Of Course KISS’ Final Tour Wasn’t Final: Band Will Live On As Digital Avatars

Of Course KISS’ Final Tour Wasn’t Final: Band Will Live On As Digital Avatars

First ABBA, and now KISS joins the bandwagon of bands that intend to go on touring until the heat death of the universe thanks to KISS digital avatars. Who asked for this?

Over the weekend, KISS played its last-ever concert at Madison Square Gardens in New York City. At this stage, KISS is arguably as famous for “last time ever” tours as it is for face paint and in-your-face-rock.

Of course, because it’s KISS, Gene Simmons lied about the whole “last time ever” bit.

KISS is heading down the same route – and the same producers – that ABBA did for its whole Voyage spectacular, with a digital avatar-based version of the show… or as per the official release

The band’s transformation into avatars will ensure their immortalization, while pushing the boundaries of rock and roll performances, as KISS have done throughout their career to date. This avatar performance will feature KISS as fantasy-based superheroes, and will provide a glimpse of just one of the many and varied ways in which KISS will live on as digital performers through their avatars in the future.

Source: Pophouse press release

Well then.

I guess this shouldn’t be a surprise, because KISS frontman Gene Simmons has demonstrated so very many times in the past that he’s entirely happy to stick the KISS name onto everything from coffins to TVs, video cameras to condoms and more.

It’s also technically not the first time there’s been a digital Gene Simmons avatar either – anyone else remember Kiss: Pinball or Kiss: Psycho Circus?

I Was (Digitally) Made For Lovin’ You

I haven’t been able to pull this line out of mothballs for a very long time, but it’s all Jar-Jar’s fault.

No, really, it is, because the technology behind digital KISS is via Industrial Light and Magic, with much of the same efforts (it seems) as was put into ABBA’s voyage show coming together to create a fully digital KISS.

To get something of a grasp of what that might be like, I reached out to former Lifehacker Editor (and, spoiler, my brother), Angus Kidman, a noted ABBA fan who’s done the whole ABBA Voyage show a couple of times now.

He noted that while ABBA’s original intent was to tour the Voyage show, that proved impractical, which is why it’s based in the UK – and also why it led to the creation of an entirely new album of material, ABBA’s first in many decades.

He noted that “there seems to be more of a suggestion that they might try to tour a virtual KISS show”.

KISS does seem to have bigger touring plans in the cards, with Simmons noting that “We can be forever young and forever iconic by taking us to places we’ve never dreamed of before. The technology is going to make Paul jump higher than he’s ever done before.”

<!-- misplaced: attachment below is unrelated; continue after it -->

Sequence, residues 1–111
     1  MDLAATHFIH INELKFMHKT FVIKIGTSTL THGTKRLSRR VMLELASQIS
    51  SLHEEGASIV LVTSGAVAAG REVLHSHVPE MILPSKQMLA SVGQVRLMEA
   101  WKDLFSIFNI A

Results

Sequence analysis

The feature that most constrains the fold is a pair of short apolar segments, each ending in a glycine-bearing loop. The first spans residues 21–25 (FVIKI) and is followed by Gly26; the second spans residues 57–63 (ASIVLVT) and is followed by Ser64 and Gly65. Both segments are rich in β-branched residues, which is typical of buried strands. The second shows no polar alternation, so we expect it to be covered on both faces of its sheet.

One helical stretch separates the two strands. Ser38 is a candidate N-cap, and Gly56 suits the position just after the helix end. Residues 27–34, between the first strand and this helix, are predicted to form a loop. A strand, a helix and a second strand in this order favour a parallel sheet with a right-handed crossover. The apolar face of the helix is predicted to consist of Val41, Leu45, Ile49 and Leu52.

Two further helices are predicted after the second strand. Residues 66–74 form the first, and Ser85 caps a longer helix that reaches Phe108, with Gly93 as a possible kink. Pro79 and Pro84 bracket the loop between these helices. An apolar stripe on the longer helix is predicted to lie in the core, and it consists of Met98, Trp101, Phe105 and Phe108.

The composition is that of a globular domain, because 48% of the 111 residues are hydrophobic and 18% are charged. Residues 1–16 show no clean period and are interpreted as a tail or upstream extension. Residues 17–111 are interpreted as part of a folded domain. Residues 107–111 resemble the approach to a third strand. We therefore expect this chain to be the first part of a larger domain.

Paul Stanley (the other OG KISS member, it’s complicated to say the least) figures KISS will never, ever, EVER stop.

“What we’ve accomplished has been amazing, but it’s not enough. The band deserves to live on because the band is bigger than we are.” he said.

I Want To Rock & Roll All Nite (And Forever)

Of course, the question is whether this is what should happen when bands age out of whatever time they choose to stop performing. While full details of KISS’ digital avatar setup are still a little up in the air, Angus did note to me that the ABBA version of sort-of-maybe-the-same-thing relies on a mix of recorded performances with the digital “Abbatars”, but also the presence of a live band providing most of the actual music being played.

I think it’s fair to say that KISS’ whole spectacle wasn’t built on complex musical mastery, but instead the spectacle of the event itself and the euphoria of the crowd, so finding musicians able to cover the instrument parts of a (presumably) KISS greatest hits catalog shouldn’t be that difficult.

But at that point, are you even going to see KISS at all? I’m not so sure.

To tie this into my own fandom, I’m a big Prince fan.

His very last tour, the “Piano & A Microphone” tour hit Australian shores in 2016, and I very much wanted to go… but the dates in Sydney clashed with work commitments that saw me in Barcelona for MWC.

I seriously considered flying down to Melbourne to catch his performance there, but worked out that the total cost, plus the fact I’d have to get a very early flight back to Sydney in order to get another flight onto Barcelona the same day was both too risky and far too expensive. I’m still kicking myself about that decision, years later.

I buy Prince merchandise – even the horribly expensive “special edition” album rereleases, sometimes to my chagrin — but would I want to see a “digital” Prince show with holographic little funky dude on stage while others covered his amazing guitar work?


Prince is a very good example of a performer who believed in the power of live music, actual live performances and the way that they can bring audiences together in special moments that live in precisely that time.

From prior chats to KISS loving friends of mine, going to an actual KISS concert was very much that kind of story too; while the band loved itself an explosive pyrotechnic from time to time to go with the thumping guitar work, it was about being there… and KISS being there too.

This doesn’t feel like that at all to me, though Gene Simmons cashing in on KISS however he can is 100% on brand. It can only be a matter of time before he’s a Fortnite skin too.

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